There are some studies that debate the money saving aspects of list making for shopping. Some note that those who make lists buy more products than those who go without a list. I would tend to argue that they buy more because they don’t forget anything that they meant to purchase.
An example is a recent trip that I made to Target with Hubby and daughter. We were buzzing around town running errands, and I had jotted down a few notes of things that I needed to pick up there. I didn’t, however, bring with me my master list that I make each week when sitting in front of the matchups on the computer. Almost as soon as I left the store, I realized that I had some coupons for card games that I wanted to price there. Rather than dragging everyone back into the store, I decided to wait until my next trip there. Below are a few tips about making lists that I hope you find helpful:
- Start a list for each store at which you plan to shop as soon as you start seeing deals. Sometimes this will be the week prior to the ad being released.
- Don’t let the matchups be your sole buying guide. A blogger might not highlight a product that I need to purchase because there isn’t a coupon available for it. By looking at the sales ad, you’ll see if there are some good deals that you need to pick up.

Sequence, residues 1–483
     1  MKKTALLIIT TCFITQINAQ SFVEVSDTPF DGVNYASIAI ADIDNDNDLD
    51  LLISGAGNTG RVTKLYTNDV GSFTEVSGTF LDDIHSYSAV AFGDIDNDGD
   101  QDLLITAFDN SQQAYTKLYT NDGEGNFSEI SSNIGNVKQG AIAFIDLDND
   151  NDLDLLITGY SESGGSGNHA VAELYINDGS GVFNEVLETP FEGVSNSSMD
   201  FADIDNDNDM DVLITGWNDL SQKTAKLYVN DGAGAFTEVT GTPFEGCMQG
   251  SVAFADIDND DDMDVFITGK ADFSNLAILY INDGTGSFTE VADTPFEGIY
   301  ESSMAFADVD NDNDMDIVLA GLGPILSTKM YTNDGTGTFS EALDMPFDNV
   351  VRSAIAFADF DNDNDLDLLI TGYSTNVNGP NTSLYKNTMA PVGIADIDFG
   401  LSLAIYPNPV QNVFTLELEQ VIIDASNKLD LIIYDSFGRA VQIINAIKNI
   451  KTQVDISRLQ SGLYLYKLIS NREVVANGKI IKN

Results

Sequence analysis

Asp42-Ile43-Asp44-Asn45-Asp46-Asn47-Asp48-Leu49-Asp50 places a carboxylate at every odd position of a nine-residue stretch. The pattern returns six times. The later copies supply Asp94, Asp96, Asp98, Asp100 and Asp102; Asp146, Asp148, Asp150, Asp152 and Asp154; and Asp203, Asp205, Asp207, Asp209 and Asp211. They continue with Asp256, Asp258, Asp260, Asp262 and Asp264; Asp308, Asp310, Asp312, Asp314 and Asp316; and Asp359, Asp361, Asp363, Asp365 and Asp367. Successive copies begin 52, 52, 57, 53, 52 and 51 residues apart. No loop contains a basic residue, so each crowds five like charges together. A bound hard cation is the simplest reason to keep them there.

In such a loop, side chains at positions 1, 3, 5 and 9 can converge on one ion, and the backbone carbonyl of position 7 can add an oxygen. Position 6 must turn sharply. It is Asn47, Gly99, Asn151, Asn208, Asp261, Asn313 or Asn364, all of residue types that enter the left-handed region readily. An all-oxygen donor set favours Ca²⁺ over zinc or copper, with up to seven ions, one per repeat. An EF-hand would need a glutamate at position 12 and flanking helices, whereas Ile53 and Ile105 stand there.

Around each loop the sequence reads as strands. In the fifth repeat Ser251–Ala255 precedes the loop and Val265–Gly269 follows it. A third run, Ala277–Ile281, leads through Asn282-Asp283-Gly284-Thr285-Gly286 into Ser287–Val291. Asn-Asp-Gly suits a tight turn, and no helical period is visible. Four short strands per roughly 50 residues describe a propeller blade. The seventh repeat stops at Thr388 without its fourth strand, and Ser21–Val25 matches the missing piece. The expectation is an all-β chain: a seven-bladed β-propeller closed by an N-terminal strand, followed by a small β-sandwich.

- For shops like Walgreens and CVS, if there is a hot deal, I try to go on Sunday morning before church. Stores like Target, though, often have a lot of deals unearthed throughout the week. Watch the blogs for a few days and then make a trip in. Note, though, that if there is a really fantastic deal they are often gone as soon as they are released.
- Make a monthly needs list. Think about all of the things you’ll need to buy for the month and keep them on a separate list while you are shopping. If you need cake mix for a birthday later in the month and spot a good deal, you can mark it off your list. This works much better than paying full price for something at the last minute. As much as you can, try to train yourself to shop ahead. You’ll be able to decide what price you are willing to pay instead of being at the mercy of the store.
- Paperclip your coupons to your list. Yes, I have a coupon bag (the binder system got out of control for me), but I also try to take any of the coupons that I know I’ll be using that day and put them at an easy to access spot.
- Let your children be in charge of your list. When our daughter was younger, she would color all over the list while we shopped. Sometimes I draw pictures of the items that we are buying for her to watch for, and as she becomes a better reader, she’ll start reading the names of the products off for me.